Not too long ago, Naveen Tewari and his friends, Abhay Singhal and Amit Gupta, shared a single bedroom apartment tucked away in one of Mumbai’s crowded corners. It was here that a company was born, one that is now set to challenge some of the biggest companies operating in the Internet space.
In 2007, Tewari and his co-founders established mKhoj with the idea of using mobile phones as search engines. Soon, the team realised that India was a place where the human network was capable of providing customised search results, perhaps a reason why most people still prefer to ask for directions on the road instead of using a GPS system. In a month, mKhoj’s business idea changed from mobile searches to mobile advertising. “We knew we were close to something interesting, but, we were not yet there,” says Tewari, who currently serves as chief executive. In another four months, mKhoj made another change, this time to tap into the mobile Internet advertising market. Having found its niche, the company decided to change names as well. Thus, was born InMobi. Today, the Bengaluru-based company has made its presence felt in 108 countries with nearly 17 billion monthly impressions combined on its mobile websites and applications.
“Advertising is about grabbing eyeballs and reaching out to the largest audience and in the future, mobile phones will emerge as the medium with the widest reach,” says Tewari. According to Tewari, InMobi’s revenue model is similar to that of newspapers where advertising forms a chunk of revenues. “We play the role of an intermediary between mobile websites and advertisers, by helping the advertiser locate the right site to publish his advertisement,” says Tewari. This entire process is technology led, he adds.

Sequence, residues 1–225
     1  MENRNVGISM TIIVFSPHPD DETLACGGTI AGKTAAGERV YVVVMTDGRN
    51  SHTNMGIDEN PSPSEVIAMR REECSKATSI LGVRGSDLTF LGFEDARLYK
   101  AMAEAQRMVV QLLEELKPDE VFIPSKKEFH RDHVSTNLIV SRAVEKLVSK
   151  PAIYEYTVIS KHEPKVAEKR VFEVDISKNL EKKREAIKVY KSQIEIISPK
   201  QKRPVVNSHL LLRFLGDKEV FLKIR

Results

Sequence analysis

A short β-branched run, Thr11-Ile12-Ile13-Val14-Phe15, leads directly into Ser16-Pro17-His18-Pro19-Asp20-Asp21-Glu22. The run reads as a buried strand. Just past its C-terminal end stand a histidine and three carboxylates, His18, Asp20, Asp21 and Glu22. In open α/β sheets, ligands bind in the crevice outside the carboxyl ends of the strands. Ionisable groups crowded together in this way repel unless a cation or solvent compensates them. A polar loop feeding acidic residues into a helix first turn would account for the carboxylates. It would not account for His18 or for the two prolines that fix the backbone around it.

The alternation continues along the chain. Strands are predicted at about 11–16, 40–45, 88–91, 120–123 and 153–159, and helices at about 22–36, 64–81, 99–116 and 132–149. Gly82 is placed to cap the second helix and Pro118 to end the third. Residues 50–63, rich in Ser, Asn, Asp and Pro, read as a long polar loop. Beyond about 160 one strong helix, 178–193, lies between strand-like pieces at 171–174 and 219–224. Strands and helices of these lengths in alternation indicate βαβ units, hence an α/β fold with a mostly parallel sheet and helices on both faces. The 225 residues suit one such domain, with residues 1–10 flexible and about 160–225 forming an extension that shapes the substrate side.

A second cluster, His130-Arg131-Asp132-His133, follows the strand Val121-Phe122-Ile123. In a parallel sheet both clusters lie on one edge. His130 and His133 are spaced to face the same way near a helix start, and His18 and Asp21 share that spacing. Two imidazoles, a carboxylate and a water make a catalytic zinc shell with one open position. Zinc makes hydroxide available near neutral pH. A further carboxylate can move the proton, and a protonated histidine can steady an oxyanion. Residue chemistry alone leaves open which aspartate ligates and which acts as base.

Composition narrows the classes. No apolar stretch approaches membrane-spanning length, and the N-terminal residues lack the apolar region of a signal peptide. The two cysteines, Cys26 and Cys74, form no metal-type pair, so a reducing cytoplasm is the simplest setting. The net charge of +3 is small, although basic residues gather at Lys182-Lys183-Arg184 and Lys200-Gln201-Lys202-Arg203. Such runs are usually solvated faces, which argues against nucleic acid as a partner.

For the last three years, InMobi has focused on the growth in the developing markets of Asia and Africa. Asia alone accounts for 10 billion of InMobi’s advertising impressions with Africa contributing another 2.3 billion. The company is keen on leveraging from the growing curiosity about the Internet in these markets. Yet, with India’s Internet penetration being a mere 6.9 per cent, some might see this as a significant challenge to InMobi’s growth plans. Tewari and his team see otherwise. “The developing markets present growth opportunities that are phenomenal, unlike the advanced market,” says Tewari. He adds that several consumers in the developing regions are first time users of the Internet and the excitement that digital media brings will lead to repeat usage.
In addition to the developing markets, InMobi aims at getting a foothold in the mature markets of Europe, U.S. and Japan. It has been in operation in the U.S. since mid-January, 2010 and has already managed to garner advertising impressions of close to two billion. A launch in Japan is on the cards. Tewari expresses confidence in being able to face the challenge of delivering to a demanding consumer in a competitive environment. “The key difference between consumers in the developing market and advanced markets is the level of sophistication. Since a majority of the consumers in these regions have been exposed to digital media for over a decade, their understanding of the media is far more evolved,” says Tewari. The company is in the phase of expansion in the U.S. and over the next year, it seeks to delve deeper into the market.